[3] Likewise, the smaller independent studios were often owned by skilled electronics engineers who designed and built their own analogue desks and other equipment. A good example of this is the famous Gold Star Studios in Los Angeles, the site of many famous American pop recordings of the 1960s. Co-owner David S. Gold built the studio’s main mixing desk and many additional pieces of equipment and he also designed the studio’s unique trapezoidal echo chambers.
[4] In the 1970s the first large analogue 32 channel mixing consoles appeared. Mixing consoles now featured EQs and FX sends on all channels, and it became also possible to route signals from one channel to another (such desks are also called “inline mixing consoles”). In the mid 1970s Neve developed NECAM, the first computer-controlled moving fader automation. Many popular mixing console manufacturers debuted in the 1970s. Famous mixing console companies in the 1970s included AMS Neve, Solid State Logic, API, Harrison and Raindirk.
[5] concept of skilled and unskilled labour
[6] The Tascam Portastudio 144 was released in 1979, at a cost of approximately US$150. It was the world’s first four-track recorder based on a standard compact audio cassette tape (TEAC 2015) .
[7] In 1982, Bruce Springsteen released his solo album project “Nebraska”, recorded in his home, on a Tascam Portastudio 144 digital console. The album sold to platinum (Australia and the US) and gold (UK and Canada) levels, and was considered a success, making numerous top albums of the decade lists (Burke 2011; George-Warren et al. 2001) .
[8] Korg, Roland and Yamaha were the early manufacturers of digital synthesisers and samplers.
[9] Musical Instrument Device Input (MIDI) was created by a number of musical companies to allow the flow of digital signal between two or more digital devices (Gilreath 2010).
[10] Known as pads.
[11] Such as a double bass which I have seen many times in both European music orchestras and contemporary Jazz bands, but never played one.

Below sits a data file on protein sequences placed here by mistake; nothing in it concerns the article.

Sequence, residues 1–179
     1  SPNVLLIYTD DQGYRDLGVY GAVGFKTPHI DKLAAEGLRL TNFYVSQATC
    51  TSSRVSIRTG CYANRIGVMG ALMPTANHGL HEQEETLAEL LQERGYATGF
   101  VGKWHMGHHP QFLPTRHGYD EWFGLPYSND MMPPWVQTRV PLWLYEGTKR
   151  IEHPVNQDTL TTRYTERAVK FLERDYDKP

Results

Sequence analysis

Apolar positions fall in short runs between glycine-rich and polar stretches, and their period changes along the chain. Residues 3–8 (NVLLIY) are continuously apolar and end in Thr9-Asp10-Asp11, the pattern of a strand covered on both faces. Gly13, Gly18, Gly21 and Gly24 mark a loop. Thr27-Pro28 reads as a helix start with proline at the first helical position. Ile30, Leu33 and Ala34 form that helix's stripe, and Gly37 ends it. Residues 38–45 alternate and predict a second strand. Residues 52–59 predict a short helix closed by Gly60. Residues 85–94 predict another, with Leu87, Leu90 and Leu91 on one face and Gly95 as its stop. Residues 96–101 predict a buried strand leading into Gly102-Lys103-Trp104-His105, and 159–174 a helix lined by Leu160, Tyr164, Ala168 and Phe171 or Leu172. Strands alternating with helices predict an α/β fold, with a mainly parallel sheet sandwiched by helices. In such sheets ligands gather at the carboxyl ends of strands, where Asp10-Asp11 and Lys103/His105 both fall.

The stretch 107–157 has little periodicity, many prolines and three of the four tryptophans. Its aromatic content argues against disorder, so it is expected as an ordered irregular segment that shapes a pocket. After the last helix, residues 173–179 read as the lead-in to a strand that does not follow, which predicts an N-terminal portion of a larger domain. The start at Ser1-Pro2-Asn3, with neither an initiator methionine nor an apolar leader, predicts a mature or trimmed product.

[12] Such as a Kenyan Nyatiti which I have only seen in Kenya in the 1980’s.
[13] Such as a Jupiter-8 synthesiser which I saw being played live in Japan in the later 1980’s.
[14] Such as personal computers.
[15] A global communication network option – the internet – was termed in 1982, and grew within 5 years to 10,000 host sites. By the year 2000, the internet had 300,000 host sites, indicating the exponential growth that it was capable of into the future (Burgess 1997, 119).
[16] Such as those previously mentioned, namely digital samplers and digital interface.
onion-layers
This blog series is planned to continue next month with Doctoral Research Study – Part 2b (Page 2015b). It is intended for this blog series to continue on a regular basis as I progress through my doctoral research project.
References
 Burgess, Richard James. 1997. The art of record production. London: Omnibus Press.
Burke, David. 2011. “Heart of Darkness : Bruce Springsteen’s Nebraska”. London: Cherry Red Books.
George-Warren, Holly and Patricia Romanowski. 2001. The Rolling Stone encyclopedia of rock & roll, edited by Jon Pareles: Touchstone.
Gilreath, Paul. 2010. The guide to midi orchestration. 4th ed. Oxford: Focal.
Kuznetsov, Stacey and Eric Paulos. 2010. “Rise of the expert amateur: DIY projects, communities, and cultures.” In Proceedings of the 6th Nordic Conference on Human-Computer Interaction: Extending Boundaries, Reykjavik, Iceland, October 16-20, 2010, edited, 295-304. http://dl.acm.org/citation.cfm?id=1868914&picked=prox:ACM.
Leyshon, Andrew. 2009. “The software slump?: digital music, the democratisation of technology, and the decline of the recording studio sector within the musical economy.” Environment and Planning 41 (6): 1309.
Morawetz, David. 1974. “Employment implications of industrialisation in developing countries: a survey.” The Economic Journal: 491-542.
Music Group. 2015. “Behringer : our story.” Accessed 15th April, 2015. http://www.behringer.com/EN/Our-Story/index.aspx
Onion image courtesy of: Onion Layers Accessed 15th December, 2014
Page, David L. 2017. 2nd Observation image courtesy of David L Page Created 10th June, 2017
Page, David L. 2015b. Doctoral Research Study – Part 2b Accessed 29th April, 2015
Page, David L. 2015a. Doctoral Research Study – Part 1 Accessed 15th April, 2015
Page, David L. 2014 image courtesy of David L Page Created 15th December, 2014
TEAC. 2015. “TEAC TASCAM history.” Accessed 15th April, 2015. www.tascam.com.
Wallis, R Dr. 2001. “Best practice cases in the music industry and their relevance for government policies in developing countries.” Paper presented at the United Conference on Trade and Development, Brussels, Belgium, May 14-20, 2001.
Zagorski-Thomas, Simon. 2005. “The US vs the UK sound: meaning in music production in the 1970s.” In The art of record production: an introductory reader for a new academic field, edited by Simon Frith and Simon Zagorski-Thomas, 57-90. Farnham, Surrey: Ashgate
– @David L Page 15/04/2015
– updated @David L Page 20/04/2015
– updated @David L Page 10/06/2017
Copyright: No aspect of the content of this blog or blog site is to be reprinted or used within any practice without strict permission directly from David L Page.